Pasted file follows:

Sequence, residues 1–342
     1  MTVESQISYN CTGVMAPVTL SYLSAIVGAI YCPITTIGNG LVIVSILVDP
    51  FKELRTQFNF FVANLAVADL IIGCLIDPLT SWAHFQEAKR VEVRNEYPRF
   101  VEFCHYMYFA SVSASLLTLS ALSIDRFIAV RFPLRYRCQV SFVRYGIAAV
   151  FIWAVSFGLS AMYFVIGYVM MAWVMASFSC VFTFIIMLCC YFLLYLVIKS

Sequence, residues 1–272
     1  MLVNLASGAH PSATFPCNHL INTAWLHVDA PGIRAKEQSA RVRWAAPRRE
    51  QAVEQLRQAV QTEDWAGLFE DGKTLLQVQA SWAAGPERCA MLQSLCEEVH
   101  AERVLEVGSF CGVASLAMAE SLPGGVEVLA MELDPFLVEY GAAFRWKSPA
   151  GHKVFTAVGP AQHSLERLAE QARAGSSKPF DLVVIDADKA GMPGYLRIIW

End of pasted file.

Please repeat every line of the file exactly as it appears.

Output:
Sequence, residues 1–342
     1  MTVESQISYN CTGVMAPVTL SYLSAIVGAI YCPITTIGNG LVIVSILVDP
    51  FKELRTQFNF FVANLAVADL IIGCLIDPLT SWAHFQEAKR VEVRNEYPRF
   101  VEFCHYMYFA SVSASLLTLS ALSIDRFIAV RFPLRYRCQV SFVRYGIAAV
   151  FIWAVSFGLS AMYFVIGYVM MAWVMASFSC VFTFIIMLCC YFLLYLVIKS

Sequence, residues 1–272
     1  MLVNLASGAH PSATFPCNHL INTAWLHVDA PGIRAKEQSA RVRWAAPRRE
    51  QAVEQLRQAV QTEDWAGLFE DGKTLLQVQA SWAAGPERCA MLQSLCEEVH
   101  AERVLEVGSF CGVASLAMAE SLPGGVEVLA MELDPFLVEY GAAFRWKSPA
   151  GHKVFTAVGP AQHSLERLAE QARAGSSKPF DLVVIDADKA GMPGYLRIIW